OK, so you get the idea, guys and body image. Do guys really suffer from body image problems? People love to think only girls have body image issues, and as I am sure you can all tell me - that is just not true.This is something, too, that your parents might not even realize - why is that you say? Well, the "ideal" (and I do put that word in “QUOTES” since there really isn't one) male body type put out there by the media and popular culture has changed a TON in the last 30 years. This new image of the “ideal” male body has more muscle. Less fat. Getting to be Halloween time and there are ads all over the place. You even see it in those Halloween costumes - just look around you.... how many have those sewn in six-packs? Huge foam muscles in the super heroes? At first glance, silly and cute. But then seeing that image again and again since the time you were a tot starts to ingrain in you what you think is the ideal dude body.SO is it REALLY true that dude images are different now than when your parents were kids? Um, YEAH - Numbers you want?
OK, as an example, let’s take GI Joe
- In 1964: Mr. Joe was 5'10" tall, had a 32 inch waist, a 44 inch chest, and 12 inch arms.
- Fast forward to 1991: Same 5'10" height, but now he’s down to a 29 inch waist, and up to 16 inch arms (for reference, those biceps would be BIGGER THAN ANY BODY BUILDER IN HISTORY!).
Or you are now in high school and all your buddies are getting some muscles, getting tall, broad shoulders and you still think you look like you’re in 7th grade. No one is saying that isn’t hard – but every kid’s body goes through puberty at different times and at different rates, so sometimes you go later than your buddies. But YOU WILL CATCH UP! Your regular annual check-up with your doctor includes checks to make sure your development is going along normally. If you are worried, you can always get checked out in between annual visits. So rest assured, if your doc says you are normal…. You are normal and you will catch up. Promise.
You know, I was curious and I did a quick Google for “teen boys and body image and overtraining”. What popped up? Page after page after page. After page. Of workout tips and how to buff up and how to train. Nothing about balance. Nothing about loving yourself. All bodies are different. Jeeze – what a load of pressure everywhere! I am hoping that this page starts to pop up on searches to balance everything out when guys like you are looking for healthy body info.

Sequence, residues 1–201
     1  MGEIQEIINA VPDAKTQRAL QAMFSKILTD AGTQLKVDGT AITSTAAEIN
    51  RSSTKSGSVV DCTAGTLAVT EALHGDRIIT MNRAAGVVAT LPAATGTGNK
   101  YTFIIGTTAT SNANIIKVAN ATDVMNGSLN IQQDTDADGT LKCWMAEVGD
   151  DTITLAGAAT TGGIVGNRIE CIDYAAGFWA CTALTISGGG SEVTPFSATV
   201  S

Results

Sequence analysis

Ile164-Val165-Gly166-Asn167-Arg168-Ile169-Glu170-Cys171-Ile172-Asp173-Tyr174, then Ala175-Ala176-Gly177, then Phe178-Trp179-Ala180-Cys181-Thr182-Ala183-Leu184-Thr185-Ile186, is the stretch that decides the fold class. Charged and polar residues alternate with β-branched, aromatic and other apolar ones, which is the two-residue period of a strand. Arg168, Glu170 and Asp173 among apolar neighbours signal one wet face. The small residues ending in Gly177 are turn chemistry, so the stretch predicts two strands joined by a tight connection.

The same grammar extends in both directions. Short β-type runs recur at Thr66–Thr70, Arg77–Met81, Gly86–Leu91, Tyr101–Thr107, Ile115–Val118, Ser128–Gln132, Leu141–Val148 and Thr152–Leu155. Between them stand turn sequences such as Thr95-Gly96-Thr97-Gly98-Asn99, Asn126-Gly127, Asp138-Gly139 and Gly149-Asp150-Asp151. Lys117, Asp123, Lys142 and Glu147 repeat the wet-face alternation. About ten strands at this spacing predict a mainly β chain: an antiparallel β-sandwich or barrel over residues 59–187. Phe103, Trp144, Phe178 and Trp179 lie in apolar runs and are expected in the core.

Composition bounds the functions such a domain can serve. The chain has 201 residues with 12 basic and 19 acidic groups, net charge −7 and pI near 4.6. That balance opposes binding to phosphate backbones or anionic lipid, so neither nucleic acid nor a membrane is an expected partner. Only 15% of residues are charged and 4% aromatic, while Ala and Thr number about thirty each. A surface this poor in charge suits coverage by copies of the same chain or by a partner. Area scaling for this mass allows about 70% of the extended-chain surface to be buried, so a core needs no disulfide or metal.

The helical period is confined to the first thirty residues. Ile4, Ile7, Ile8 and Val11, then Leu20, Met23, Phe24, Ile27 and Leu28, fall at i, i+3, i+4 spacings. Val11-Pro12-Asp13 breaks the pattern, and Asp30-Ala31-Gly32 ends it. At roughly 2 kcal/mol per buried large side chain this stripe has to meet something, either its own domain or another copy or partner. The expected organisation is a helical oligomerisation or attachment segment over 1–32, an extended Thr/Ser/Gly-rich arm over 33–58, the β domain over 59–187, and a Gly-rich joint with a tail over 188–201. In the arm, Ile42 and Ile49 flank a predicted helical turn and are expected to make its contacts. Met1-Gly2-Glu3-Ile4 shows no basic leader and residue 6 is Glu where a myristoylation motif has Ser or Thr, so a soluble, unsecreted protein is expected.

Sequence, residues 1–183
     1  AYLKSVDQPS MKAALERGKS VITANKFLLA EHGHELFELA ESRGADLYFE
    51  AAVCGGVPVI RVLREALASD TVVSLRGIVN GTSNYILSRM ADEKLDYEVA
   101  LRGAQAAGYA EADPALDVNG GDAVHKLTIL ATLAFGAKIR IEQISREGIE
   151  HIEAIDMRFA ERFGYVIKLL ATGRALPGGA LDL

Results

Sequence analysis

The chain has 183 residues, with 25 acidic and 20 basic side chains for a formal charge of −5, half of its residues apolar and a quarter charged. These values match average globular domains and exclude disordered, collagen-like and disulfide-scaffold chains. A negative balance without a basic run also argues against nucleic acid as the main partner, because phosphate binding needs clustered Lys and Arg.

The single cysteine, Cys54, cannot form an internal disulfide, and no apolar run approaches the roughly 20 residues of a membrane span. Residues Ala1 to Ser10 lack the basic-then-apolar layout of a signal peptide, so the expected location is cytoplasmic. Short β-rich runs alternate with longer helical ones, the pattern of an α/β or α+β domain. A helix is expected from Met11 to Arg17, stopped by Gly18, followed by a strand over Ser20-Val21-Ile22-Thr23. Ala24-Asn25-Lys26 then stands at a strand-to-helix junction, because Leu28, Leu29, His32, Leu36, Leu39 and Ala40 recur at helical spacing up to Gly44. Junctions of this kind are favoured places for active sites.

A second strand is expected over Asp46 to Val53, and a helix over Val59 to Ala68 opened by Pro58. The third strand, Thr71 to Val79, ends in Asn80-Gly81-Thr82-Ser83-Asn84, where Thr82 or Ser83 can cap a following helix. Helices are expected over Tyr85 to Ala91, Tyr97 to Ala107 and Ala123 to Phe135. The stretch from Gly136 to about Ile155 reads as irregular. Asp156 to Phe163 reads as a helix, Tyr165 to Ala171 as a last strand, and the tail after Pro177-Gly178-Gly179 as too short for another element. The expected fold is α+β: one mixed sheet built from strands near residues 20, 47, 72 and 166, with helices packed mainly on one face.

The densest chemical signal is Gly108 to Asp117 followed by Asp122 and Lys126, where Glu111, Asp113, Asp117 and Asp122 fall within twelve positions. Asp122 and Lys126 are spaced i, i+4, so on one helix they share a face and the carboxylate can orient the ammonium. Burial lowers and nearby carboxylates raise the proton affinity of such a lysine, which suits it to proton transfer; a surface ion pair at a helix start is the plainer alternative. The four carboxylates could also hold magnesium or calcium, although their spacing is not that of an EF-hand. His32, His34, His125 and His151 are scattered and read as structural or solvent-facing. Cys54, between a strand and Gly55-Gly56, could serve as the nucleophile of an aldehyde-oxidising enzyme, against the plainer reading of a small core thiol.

So let’s drill down some more into guys and body image issues and how they can show up in more than one way: They can range from trying to get stick thin to bulking up. Let’s talk about both.
1: Eating disorders and an unhealthy drive to be thin.
About 1 in 10 patients that are treated for eating disorders are guys. Yup, GUYS. In fact, 10 million guys in the US will suffer from eating disorders this year. Are you surprised? Now, of course there are some sports where low body weight is a necessity – like gymnastics, wrestling, rowing…. But there is a fine line where the drive to be thin takes over your mind and takes over your life. Another group of guys that face this pressure is in the gay community – there is some pressure here to be quite thin. There have been studies done about guys with eating disorders found that homosexual (gay) men weighed significantly less than heterosexual (straight) men, and were more likely to be underweight and to desire an underweight ideal weight (Herzog et al.). Compared to the heterosexuals, homosexual men were less satisfied with their body build. In fact, some eating disorders come after internal confusion over gender identity or sexual orientation. Among guys with eating disorders focused on a desire for extreme thinness, there seems to be a higher risk among gay guys. Guys seem to have a higher rate of binge eating disorders – and also about 20 % of bulimics are guys. So, sadly, eating disorders is not just a girl thing.